After dispatching convoys of supplies and workers to the affected area, Patel set out for Morbi himself, arriving early the next morning.  Upon seeing the destruction firsthand, he decided to relocate his cabinet to Morbi in order to show solidarity with the flood’s victims.  Every day for the next month, he would walk the city's streets, visit families, and serve meals at relief kitchens.  His presence reassured the city’s populace and emphatically restated the government’s public commitment to recovery.

While in Morbi, Patel was able to serve in this highly visible symbolic role because of his thoughtful and purposeful delegation of power, which brings us to our second lesson:  coordinating a disaster response is a formidable technical task beyond the capacity of most elected officials.  Political leaders facing crises must find the most qualified personnel to organize relief and recovery efforts, grant those individuals the leeway needed to undertake their work, and demand full accountability for results.

Within hours of learning about the disaster,Patel appointed a veteran civil servant named H.K. Khan to fill a specially created cabinet-level flood relief post, guaranteeing him unwavering support.  By the next day, Khan had set up a large office in downtown Morbi, where government staff and NGOs coordinated everything from mud removal to emergency cholera vaccinations.  In twice-daily meetings, Khan would convene all interested stakeholders, setting priorities in the morning and checking on results in the evening.  Patel monitored his deputy’s progress at every meeting but took pains not to interfere in his work.  Khan's desk was prominently situated in the middle of the recovery office, while Patel’s occupied a small corner.  When staffers and politicians approached Patel for project approval, he always deferred to his appointee, saying, "I may be chief minister, but I am here as a volunteer."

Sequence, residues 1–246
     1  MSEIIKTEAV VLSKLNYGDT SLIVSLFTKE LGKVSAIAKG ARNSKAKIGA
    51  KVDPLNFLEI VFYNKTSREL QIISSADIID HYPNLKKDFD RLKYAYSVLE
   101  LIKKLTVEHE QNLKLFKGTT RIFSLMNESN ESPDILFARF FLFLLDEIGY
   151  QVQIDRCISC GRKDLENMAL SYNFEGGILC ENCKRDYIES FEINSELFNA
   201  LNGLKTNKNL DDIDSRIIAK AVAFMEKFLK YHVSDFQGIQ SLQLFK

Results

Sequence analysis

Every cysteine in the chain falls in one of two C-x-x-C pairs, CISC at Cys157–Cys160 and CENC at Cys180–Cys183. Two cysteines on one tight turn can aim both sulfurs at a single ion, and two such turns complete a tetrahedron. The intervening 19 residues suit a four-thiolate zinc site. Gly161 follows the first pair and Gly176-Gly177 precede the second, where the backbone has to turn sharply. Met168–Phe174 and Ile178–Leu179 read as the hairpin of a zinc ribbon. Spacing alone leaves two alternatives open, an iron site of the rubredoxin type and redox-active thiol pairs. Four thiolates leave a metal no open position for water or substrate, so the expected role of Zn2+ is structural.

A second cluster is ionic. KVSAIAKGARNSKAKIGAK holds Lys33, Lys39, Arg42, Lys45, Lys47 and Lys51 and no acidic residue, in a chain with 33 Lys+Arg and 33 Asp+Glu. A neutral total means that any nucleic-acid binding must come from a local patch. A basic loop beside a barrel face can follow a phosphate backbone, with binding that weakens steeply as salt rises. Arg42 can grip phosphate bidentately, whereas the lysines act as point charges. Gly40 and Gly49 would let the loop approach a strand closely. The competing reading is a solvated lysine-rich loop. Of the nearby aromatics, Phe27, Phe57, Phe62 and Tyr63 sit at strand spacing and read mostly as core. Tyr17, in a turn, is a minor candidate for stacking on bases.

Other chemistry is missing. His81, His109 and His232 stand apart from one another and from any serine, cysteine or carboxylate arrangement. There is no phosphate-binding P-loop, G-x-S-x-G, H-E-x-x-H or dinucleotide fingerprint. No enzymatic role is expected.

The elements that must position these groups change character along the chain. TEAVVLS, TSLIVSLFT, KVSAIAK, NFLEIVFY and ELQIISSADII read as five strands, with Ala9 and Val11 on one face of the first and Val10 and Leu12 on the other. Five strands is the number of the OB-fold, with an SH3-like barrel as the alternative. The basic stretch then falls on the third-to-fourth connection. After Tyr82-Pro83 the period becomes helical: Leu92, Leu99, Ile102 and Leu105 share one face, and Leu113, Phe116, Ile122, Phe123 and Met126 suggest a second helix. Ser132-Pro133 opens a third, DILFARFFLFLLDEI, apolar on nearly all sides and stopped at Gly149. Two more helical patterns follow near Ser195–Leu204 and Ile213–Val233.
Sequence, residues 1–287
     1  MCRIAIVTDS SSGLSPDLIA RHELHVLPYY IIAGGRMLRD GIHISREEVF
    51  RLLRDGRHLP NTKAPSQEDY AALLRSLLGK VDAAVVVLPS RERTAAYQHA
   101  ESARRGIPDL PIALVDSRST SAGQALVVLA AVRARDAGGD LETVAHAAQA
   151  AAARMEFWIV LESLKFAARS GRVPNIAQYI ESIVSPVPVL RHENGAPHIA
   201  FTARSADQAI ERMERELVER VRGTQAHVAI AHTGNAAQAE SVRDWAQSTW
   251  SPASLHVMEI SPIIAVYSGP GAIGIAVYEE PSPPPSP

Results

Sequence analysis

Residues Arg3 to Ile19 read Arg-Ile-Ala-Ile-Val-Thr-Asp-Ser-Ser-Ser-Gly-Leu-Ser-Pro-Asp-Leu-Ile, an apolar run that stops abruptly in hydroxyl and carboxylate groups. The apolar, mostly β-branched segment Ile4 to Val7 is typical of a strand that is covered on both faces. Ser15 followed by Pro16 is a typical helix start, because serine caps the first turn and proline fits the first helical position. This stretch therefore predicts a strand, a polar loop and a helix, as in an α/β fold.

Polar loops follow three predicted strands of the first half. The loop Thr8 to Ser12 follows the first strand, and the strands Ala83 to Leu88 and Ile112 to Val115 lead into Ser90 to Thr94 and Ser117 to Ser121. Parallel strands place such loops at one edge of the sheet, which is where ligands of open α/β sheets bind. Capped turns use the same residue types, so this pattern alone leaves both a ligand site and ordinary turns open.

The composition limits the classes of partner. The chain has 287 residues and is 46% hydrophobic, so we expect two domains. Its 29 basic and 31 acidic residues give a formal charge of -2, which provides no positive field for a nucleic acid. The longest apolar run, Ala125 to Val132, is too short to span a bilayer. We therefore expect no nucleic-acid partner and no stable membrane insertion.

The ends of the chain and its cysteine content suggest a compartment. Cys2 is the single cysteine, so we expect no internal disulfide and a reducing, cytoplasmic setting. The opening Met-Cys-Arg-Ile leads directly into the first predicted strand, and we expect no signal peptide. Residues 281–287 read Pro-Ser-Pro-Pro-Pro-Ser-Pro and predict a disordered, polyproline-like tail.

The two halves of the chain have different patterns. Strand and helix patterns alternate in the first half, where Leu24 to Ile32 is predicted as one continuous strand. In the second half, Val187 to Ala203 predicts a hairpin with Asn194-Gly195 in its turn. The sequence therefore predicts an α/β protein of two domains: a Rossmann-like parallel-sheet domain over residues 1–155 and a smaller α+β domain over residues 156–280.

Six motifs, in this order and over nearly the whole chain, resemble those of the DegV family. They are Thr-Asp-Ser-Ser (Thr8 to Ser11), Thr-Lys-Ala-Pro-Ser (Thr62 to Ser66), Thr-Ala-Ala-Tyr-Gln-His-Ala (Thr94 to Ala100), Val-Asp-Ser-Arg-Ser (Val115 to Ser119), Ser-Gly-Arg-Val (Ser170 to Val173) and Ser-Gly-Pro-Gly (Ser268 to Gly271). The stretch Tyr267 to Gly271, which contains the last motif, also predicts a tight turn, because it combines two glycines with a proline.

During his vigil in Morbi, however, Patel did more than just strengthen morale and stay out of the way of seasoned bureaucrats.  His close supervision of relief and recovery work allowed him to identify problems that only he, as the state’s top politician, could quickly solve.  Patel's tendency to intervene in slow projects became legendary in Morbi.  It is said that he once grew so impatient with delays in restoring street lighting to the city that he personally called public offices in each of Gujarat's several dozen districts, instructing them to disassemble existing streetlights and send them to the flooded area in flatbed trucks.  "The rest of Gujarat can be half lit," he allegedly remarked, "but Morbi should be one hundred percent lit.  At 5:00 p.m. tomorrow, I want to flip a switch and see the street light up."  Sure enough, Patel got his wish.

This example embodies the third major lesson the Machhu dam disaster offers: after a catastrophe, elected officials must stand ready to clear any institutional roadblock impeding recovery, speedily implementing extraordinary measures commensurate with the extraordinary circumstances.

One can only imagine the altered trajectory of relief operations on the Gulf Coast—and of George W. Bush's legacy— if the president had taken a page from history and followed Patel's example.  What if he had landed his plane in New Orleans, met with local leaders, and seen for himself the vastly inadequate response his government had put forth?  What if he had immediately sought out a competent administrator who was prepared to tackle the task at hand? What if, instead of allowing the region's recovery to stall for months and then years, he had made rebuilding the Gulf Coast one of his administration's top priorities?  The past cannot be altered, but current and future leaders facing large-scale disasters would do well to take Babubhai Patel’s lessons to heart.